I was recently asked to write a piece about our adoption journey now that we’re over ten years in and it really got me thinking about the choices we make.
Thirteen years ago I was working on a well-known long running TV drama. I was regularly taken to the theatre by agents. I had a nice life – there were visits backstage, meeting actors, red carpet events, premiers and celebrity friends. I worked long hours but it didn’t seem like ‘work’ as I loved it. I was happy but something was missing. A child. A ‘proper’ family.
So, my partner and I decided to adopt and now, with two young boys to keep me busy, ‘before’ feels like someone else’s life.
I knew things would change, of course I did, but I didn’t realise by just how much. Back then the adoption process was quite lengthy. It took us over a year to complete the preparation training and assessment but as soon as we were approved a match was found.
Pix, (a nickname we gave him) was eighteen months old when he trotted into our house like he owned it. He had his tea – tinned Ravioli as we’d been advised to keep things similar to how they’d been at his Foster Carers and they were his favourite.
There was a bit of ‘In The Night Garden’ (the start of far too many years watching Iggle Piggle!) and then he went to bed quite happily. I remember us looking at each other and saying, ‘That was easy’. We’ve learnt a lot since then…
For us this ambivalence at him leaving his Foster Carers and the ease with which Pix settled in was actually the first sign of Attachment Disorder and we missed it.
Whilst we’d learnt about attachment issues in Adoption training, we never thought we’d have to deal with them ourselves. Special Needs and Trauma affected children ‘happened’ to other people, not to us. We’d not specified it on our tick sheet!
As he grew, the emotional differences between Pix and his peers became more apparent. At playgroup if I left his side he wouldn’t look for me, he wouldn’t find me and climb up onto my knee for a cuddle like the other Mams kids. You wouldn’t walk into a room and think he was my child, he was just off in his own little world, doing his thing and looking after himself.
If someone else gave him attention he’d happily have gone off with them. I loved him unconditionally but I don’t think he was that bothered with me. It was hard and even though I knew it wasn’t his fault I constantly felt rejected. This wasn’t how I thought motherhood would be.
Then around the time he was three we wanted a brother for him and by the time Pix started Reception, ‘Squid’ had arrived (don’t worry it’s another nickname!)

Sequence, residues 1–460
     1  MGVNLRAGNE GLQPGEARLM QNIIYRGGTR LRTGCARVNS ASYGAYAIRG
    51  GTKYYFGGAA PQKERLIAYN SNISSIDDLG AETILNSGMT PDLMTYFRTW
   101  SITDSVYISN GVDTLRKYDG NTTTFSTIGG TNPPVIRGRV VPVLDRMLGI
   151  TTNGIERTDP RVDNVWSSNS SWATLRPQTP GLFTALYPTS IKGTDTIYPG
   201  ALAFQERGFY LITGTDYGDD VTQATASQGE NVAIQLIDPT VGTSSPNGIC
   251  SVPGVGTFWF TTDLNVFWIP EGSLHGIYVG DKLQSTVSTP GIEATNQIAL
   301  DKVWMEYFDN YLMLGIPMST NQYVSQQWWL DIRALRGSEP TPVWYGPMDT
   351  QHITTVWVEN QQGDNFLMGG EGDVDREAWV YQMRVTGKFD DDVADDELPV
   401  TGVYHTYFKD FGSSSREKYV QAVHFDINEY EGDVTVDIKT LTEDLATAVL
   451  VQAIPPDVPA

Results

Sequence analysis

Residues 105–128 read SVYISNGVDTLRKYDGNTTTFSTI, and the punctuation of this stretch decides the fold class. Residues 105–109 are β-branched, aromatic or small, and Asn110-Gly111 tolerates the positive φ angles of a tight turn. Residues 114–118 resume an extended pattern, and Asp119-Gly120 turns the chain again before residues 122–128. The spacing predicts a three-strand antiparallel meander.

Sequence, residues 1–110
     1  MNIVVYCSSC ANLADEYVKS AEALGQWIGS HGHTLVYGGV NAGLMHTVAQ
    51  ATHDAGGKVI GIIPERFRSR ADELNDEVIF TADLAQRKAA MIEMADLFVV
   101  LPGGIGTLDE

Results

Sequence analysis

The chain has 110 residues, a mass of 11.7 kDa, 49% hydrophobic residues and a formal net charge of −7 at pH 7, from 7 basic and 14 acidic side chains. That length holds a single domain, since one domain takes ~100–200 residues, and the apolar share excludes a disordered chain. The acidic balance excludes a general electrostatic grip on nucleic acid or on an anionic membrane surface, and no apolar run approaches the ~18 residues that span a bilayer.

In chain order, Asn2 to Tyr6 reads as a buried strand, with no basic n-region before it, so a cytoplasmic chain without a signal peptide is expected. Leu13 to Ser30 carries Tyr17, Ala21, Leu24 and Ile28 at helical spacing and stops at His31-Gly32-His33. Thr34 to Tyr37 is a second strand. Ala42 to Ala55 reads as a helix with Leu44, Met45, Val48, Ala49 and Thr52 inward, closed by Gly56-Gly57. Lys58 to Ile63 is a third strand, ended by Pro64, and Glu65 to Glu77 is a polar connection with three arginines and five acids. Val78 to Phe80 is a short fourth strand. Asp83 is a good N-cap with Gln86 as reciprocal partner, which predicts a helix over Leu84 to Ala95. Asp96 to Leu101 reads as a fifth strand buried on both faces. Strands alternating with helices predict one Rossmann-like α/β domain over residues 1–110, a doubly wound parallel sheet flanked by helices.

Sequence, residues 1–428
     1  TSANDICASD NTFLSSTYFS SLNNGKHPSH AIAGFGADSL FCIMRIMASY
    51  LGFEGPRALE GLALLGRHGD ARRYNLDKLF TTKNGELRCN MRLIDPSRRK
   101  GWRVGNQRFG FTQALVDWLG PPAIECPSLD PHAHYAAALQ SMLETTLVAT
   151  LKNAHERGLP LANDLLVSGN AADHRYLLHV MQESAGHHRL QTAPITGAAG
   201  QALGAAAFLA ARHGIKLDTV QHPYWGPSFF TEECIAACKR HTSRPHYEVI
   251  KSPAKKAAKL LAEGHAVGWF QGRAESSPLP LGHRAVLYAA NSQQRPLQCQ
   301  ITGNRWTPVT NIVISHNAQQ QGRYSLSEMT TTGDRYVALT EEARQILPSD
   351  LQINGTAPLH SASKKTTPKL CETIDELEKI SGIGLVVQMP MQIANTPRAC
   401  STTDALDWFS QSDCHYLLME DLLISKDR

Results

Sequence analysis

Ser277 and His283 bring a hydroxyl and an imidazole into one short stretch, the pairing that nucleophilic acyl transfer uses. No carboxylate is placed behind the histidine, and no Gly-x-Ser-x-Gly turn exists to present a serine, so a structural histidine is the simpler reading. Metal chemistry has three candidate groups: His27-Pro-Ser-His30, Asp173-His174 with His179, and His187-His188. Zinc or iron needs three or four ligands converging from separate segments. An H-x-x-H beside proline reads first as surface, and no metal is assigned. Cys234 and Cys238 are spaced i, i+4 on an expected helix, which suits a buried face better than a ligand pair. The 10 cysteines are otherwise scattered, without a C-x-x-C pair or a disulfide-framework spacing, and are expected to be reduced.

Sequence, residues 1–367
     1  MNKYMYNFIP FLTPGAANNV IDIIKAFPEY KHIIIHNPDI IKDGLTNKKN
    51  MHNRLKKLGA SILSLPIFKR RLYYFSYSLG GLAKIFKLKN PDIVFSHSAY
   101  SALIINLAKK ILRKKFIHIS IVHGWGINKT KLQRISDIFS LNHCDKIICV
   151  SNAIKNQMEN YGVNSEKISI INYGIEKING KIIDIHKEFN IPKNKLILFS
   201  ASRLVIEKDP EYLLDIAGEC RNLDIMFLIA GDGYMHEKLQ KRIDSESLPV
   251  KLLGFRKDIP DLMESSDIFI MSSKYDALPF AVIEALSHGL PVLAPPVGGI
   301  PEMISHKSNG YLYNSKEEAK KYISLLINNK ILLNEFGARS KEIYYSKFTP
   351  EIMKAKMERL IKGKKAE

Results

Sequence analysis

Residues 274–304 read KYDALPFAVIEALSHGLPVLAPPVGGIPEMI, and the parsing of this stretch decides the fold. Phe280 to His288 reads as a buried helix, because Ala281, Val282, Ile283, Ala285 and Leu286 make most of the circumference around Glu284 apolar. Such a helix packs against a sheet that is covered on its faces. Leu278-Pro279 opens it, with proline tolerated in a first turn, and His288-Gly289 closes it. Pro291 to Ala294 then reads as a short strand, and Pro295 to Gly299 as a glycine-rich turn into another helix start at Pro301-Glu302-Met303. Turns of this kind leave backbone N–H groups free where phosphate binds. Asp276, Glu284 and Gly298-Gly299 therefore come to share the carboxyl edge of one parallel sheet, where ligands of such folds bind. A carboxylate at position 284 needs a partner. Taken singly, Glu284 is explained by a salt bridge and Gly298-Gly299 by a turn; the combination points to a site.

This time during Introductions we witnessed him grieve for his Foster Carer. We watched as every time she left a room he screamed and physically fought us to get out of our arms. He was just twelve months old but he was heartbroken at her leaving.
It was awful to go through but we realised how healthy this was for him and how wrong the experience had been for Pix. The emotional connection hadn’t been there.
Squid came to us with ‘uncertainty’. He had medical needs – some things we knew, some we didn’t. He had a diagnosis of Global Development Delay – and no one could actually tell us what that meant for his future, they still don’t really know. We play a waiting game with that one.
He was having physiotherapy once a week and there was talk he might never walk. He would most likely need surgery in his near future, they even hinted at kidney transplants. It was a lot.
So whilst I was dealing with his physiotherapy sessions, GP and consultants appointments and settling Squid into our family, the school SENCO mentioned the word Autism for Pix.
Oh c’mon I thought! Seriously? Anything else?
I learnt very quickly how to juggle ever faster spinning plates with Squids surgery, the start of seizures, hospital stays, therapy, medication and fighting for Pix an assessment – we finally got his Autism Spectrum Disorder diagnosed in Lockdown 2020, four years after I started requesting an assessment. A year later Squid was diagnosed with ADHD!
My daily life turned into something a million miles away from what I was used to. In my work there was always pressure but it was to cast the ‘right actor’, ‘cast a famous person’, ‘No, cast a really famous actor’.. do it quicker, do it now, get me what I want, even though it doesn’t exist.’ I spun very different plates and sometimes I was asked to find the impossible.
But without doing those that work in that industry a disservice, because frankly where would we be without our soaps and our TV dramas, my work soon began to mean less and less to me. At home, my boys, that was what mattered. They were my priority and they deserved all of me.
Adopting my boys changed me. They taught me how to fight for something, how to never give up, how to be strong, how to ignore the disapproving looks of strangers, how to wait for love to be offered and most importantly how to be a Mam.
Today my boys have challenges, every day brings something else to add to the list and I’m constantly advocating for them, constantly fighting for fairness and support and the nearest I get to a red carpet is when the youngest throws his jam sandwich on the floor but that’s ok.
I never saw being a Special Needs Mam as in my future but that’s what I became. I look back and I think how different my life could have been and actually I’m alright with the choices I’ve made, they brought me my family.
Thirteen years ago, I thought I had a voice but looking back, my voice then was just a whisper compared to what it is now.